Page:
Duplex Investing: Why Breaking Even Isn’t Bad

Front RightDepressed duplex values of the last few years have spoiled us. In fact, we’ve become so accustomed to double digit cash on cash returns that when a property produces anything less, we almost view it as a “bad investment”.

And yet, as long as a property carries its own weight, is it really?

Duplexes only have two units contributing to the income stream. Therefore, it’s more difficult to have the $400-500 a month returns many dream of.

Most of the duplex buyers I talk to view their investment as a long term strategy for retirement.  As such, a property that simply breaks even — one that doesn’t cost you anything after the mortgage and all expenses are paid, might not be such a bad thing.

After all, in that case, the only money you’ve essentially invested in your “duplex retirement account” is the down payment. Over time, your tenants will pay it off.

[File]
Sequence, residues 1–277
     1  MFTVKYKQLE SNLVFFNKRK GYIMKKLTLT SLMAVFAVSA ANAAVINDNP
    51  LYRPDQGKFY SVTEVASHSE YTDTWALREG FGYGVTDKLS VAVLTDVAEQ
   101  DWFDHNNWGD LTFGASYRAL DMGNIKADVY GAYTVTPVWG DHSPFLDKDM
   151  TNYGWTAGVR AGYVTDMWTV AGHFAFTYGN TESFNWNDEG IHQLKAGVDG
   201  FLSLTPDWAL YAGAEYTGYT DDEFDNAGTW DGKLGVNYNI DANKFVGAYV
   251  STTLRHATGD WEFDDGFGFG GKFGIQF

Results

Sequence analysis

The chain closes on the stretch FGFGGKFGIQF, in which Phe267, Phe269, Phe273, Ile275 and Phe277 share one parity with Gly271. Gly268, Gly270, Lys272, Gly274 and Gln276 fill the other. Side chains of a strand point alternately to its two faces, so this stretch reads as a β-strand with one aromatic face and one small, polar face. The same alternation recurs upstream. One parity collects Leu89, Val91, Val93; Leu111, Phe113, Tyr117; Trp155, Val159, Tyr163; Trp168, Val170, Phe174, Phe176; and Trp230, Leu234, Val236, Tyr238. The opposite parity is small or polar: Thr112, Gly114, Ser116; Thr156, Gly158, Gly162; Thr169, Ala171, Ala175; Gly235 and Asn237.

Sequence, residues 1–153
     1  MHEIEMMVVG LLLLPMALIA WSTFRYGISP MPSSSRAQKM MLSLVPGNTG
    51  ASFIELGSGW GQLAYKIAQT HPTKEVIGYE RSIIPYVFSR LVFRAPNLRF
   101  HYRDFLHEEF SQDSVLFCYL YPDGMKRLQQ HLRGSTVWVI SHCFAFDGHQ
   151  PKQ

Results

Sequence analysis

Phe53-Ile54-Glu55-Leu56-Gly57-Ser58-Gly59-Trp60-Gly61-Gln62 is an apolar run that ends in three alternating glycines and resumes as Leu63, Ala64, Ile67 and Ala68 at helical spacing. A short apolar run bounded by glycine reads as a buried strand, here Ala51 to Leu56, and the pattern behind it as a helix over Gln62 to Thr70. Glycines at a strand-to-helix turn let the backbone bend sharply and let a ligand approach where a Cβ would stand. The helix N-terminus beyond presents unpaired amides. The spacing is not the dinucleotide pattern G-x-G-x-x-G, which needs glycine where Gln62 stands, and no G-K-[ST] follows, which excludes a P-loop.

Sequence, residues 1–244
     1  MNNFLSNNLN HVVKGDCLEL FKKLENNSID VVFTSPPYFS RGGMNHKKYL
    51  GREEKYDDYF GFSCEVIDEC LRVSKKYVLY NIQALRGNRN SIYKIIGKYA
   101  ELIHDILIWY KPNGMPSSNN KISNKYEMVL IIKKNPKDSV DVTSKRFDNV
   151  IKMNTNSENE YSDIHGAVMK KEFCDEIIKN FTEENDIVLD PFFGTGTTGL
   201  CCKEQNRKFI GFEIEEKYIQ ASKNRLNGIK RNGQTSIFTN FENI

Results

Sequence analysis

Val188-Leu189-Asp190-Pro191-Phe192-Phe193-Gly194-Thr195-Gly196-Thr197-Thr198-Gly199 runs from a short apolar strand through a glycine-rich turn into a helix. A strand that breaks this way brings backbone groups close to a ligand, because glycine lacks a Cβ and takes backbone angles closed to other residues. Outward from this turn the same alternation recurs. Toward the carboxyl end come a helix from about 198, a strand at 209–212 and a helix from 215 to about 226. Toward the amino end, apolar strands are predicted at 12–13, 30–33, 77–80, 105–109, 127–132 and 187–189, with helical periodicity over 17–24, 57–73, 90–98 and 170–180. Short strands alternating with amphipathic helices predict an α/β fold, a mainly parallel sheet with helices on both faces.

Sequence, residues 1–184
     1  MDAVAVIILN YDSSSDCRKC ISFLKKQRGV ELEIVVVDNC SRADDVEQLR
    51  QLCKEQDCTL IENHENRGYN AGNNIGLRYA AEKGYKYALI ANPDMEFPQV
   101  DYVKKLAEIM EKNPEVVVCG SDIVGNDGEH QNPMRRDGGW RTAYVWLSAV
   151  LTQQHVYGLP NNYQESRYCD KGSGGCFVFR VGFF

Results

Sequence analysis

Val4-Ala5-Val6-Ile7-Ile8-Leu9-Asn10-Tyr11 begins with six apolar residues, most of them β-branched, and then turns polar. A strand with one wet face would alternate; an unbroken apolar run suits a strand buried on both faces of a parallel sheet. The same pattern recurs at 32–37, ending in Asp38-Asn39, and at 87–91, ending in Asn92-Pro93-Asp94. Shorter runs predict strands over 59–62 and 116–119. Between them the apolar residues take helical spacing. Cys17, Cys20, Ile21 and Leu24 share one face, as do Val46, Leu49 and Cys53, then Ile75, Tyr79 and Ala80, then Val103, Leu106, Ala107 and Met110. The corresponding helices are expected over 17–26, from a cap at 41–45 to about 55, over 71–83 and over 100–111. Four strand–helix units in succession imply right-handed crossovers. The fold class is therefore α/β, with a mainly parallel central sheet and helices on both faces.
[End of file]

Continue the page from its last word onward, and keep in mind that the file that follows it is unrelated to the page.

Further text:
I recently pointed this out to a buyer who was looking to owner occupy a $250,000 duplex, using FHA financing, which requires just a 3.5 percent ($8750) down payment.

While she intends to live there, she couldn’t see herself doing so forever. She did, however, hope to keep the property long term as a means to help fund her retirement.

Even if the property  never goes up in value (which is unlikely), at the end of 30 years, she will have $250,000. And, except for her down payment and the months during which she lives there, that money will have come entirely from other people: her tenants.

I asked if there was any other retirement account she could do this with. Was there, for example, any way she could persuade her co-workers to fund her IRA?

She didn’t think so and neither did I. It made the break-even duplex seem like an awfully good investment.